Wednesday, May 31, 2000

When school shootings were just pretend

All the school shootings these days (and doesn't there seem to be a new one in the news every day?) puts me in mind of an incident from my own school days. It was sophomore year in high school, English class, and a hotheaded student had picked a fight with the teacher right there in the middle of second period. The argument became heated. We all wished the kid would just shut up and sit down, but he didn't. Finally, he headed for the door--at which point the teacher whipped a gun out of his desk and shot him.

The student fell, lay still. Was he dead? What just happened? In fact, it was a little act put on to spur us into a writing assignment in which our ability to grasp details would be tested. The slain student got up, brushed himself off, and took his seat. So intent was the teacher on taking us all by surprise that he only tried this little scenario every other year, so that word of it among students would have faded by the time it happened again. We were surprised, alright. And a little thrilled. Certainly not traumatized.

But boy, you sure couldn't pull something like that today. The teacher would be fired faster than you could say "Columbine," and our class would have been crawling with therapists. Ditto the legendary incident in my junior high school in which a teacher and a student got into a fight that ended with the teacher hanging the kid by his ankles over a balcony. No one actually saw it, but everybody knew someone who had. But if it had happened today, everyone would know: The kid would have had an Uzi, and he would have taken out half the class.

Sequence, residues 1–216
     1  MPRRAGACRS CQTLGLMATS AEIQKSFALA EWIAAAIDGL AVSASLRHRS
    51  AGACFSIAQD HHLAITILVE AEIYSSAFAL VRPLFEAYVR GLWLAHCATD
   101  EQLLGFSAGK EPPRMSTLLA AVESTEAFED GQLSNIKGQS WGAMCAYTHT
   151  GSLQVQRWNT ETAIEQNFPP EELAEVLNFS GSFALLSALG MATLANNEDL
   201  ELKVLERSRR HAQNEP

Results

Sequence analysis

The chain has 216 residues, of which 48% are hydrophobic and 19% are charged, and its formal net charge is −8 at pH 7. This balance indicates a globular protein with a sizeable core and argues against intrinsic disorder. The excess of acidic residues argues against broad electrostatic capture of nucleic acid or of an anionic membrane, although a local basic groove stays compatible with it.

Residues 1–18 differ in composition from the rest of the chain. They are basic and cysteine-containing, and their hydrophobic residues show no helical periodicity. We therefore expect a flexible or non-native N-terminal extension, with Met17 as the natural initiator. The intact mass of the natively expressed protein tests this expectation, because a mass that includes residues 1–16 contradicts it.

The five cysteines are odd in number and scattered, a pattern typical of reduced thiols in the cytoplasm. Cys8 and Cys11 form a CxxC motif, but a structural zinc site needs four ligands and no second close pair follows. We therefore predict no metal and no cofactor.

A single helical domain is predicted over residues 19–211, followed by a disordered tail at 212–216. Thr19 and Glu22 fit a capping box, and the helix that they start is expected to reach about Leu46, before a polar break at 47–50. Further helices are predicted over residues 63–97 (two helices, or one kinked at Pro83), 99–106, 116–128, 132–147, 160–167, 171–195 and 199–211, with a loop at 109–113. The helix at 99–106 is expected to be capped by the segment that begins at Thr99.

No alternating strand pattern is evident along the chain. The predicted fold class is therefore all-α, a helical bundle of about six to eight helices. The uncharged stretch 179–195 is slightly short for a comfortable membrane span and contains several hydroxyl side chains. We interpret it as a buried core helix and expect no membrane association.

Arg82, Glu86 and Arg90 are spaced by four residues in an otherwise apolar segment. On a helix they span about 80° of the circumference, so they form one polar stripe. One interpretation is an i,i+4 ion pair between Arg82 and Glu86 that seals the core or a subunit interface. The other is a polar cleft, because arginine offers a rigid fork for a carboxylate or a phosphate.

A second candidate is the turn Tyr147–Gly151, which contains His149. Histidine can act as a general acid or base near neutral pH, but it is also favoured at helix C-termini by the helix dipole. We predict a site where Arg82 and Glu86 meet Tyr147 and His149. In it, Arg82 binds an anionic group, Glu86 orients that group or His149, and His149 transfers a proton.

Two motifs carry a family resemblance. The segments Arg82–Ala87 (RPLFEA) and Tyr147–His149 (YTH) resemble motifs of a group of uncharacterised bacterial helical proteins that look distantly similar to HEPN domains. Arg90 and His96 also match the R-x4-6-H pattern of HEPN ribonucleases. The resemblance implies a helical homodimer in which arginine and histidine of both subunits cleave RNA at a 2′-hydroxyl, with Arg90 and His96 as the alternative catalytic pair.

Hard to mourn that schools are no longer safe for mild and mock violence. That English class murder was a little out-there even by 1975 standards. But so many of today's school shootings seem like they should have been just such a set-up--kid shoots teacher on the last day of school, then the teacher jumps up to warn the students not to play with guns. How dearly the students who've witnessed such violence must have wished it was all pretend. Sadly, it's not an act anymore. And nobody's getting back up.

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